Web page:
1922 – IRA volunteers stopped a group of USC constables on a train in Clones, Co Monaghan (a short distance into Southern territory). A gunfight began in which one IRA officer and four USC were killed. The remaining USC constables were captured.

1923 – The Father of Government minister Kevin O’Higgins is shot dead by Republicans at the family home in Stradbally, Co Laois. The house is also burnt down. O’Higgins had taken a hard-line against the anti-Treaty rebels, including sanctioning the execution of Rory O’Connor, the best man at his wedding. Higgins himself would be assassinated by the IRA in 1927.

1923 – Athlone Waterworks is badly damaged by a Republican bomb.

1923 – A civilian carter, James Finlay is shot dead by anti-Treaty fighters near Tullamore, Co Offaly.

1926 – Rioting greets the Abbey Theatre performance of Sean O’Casey’s The Plough and the Stars because of what is viewed as anti-Irish sentiment. Yeats tells the audience ‘You have disgraced yourselves again’.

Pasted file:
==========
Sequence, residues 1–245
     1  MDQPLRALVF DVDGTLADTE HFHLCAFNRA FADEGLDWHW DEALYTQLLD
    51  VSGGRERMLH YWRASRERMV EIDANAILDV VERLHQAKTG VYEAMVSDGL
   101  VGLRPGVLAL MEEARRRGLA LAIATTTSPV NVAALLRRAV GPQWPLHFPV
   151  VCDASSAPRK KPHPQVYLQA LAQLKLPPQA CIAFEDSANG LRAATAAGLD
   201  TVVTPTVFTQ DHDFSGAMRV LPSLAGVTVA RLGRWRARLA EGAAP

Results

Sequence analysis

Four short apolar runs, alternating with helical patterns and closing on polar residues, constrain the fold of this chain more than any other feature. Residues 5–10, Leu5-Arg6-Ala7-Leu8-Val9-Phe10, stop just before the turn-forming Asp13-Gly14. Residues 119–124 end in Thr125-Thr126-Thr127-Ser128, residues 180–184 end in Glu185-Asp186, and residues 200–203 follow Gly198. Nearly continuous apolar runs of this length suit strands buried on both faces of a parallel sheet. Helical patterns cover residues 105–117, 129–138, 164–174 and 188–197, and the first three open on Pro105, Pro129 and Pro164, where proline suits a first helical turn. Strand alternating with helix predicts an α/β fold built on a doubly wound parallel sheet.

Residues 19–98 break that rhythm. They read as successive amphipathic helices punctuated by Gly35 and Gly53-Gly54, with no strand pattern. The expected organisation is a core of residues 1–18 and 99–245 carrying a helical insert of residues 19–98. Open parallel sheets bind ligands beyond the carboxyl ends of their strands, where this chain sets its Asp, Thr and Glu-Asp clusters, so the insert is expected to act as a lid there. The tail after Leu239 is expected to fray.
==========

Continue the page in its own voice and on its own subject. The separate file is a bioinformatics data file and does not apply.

1936 – The Daunt Rock Rescue.

1948 – John Costello succeeds Éamon de Valera as Taoiseach of Ireland.

1967 – Birth of musician, former radio producer, voice actor, voiceover artist and radio presenter, Paul McLoone, in Co Derry. Best known for being the original co-creator and also co-writer of the very popular and highly successful Irish comedy sketch series, Gift Grub and who is also the lead vocalist/frontman of the Irish pop-punk/new-wave band The Undertones.

1971 – Death of singer and collector of Irish ballads, Delia Murphy. Born in Co Mayo, she recorded her only LP, The Queen of Connemara, in 1962, for Irish Prestige Records, New York, on the cover of which her name appears alongside the LP title.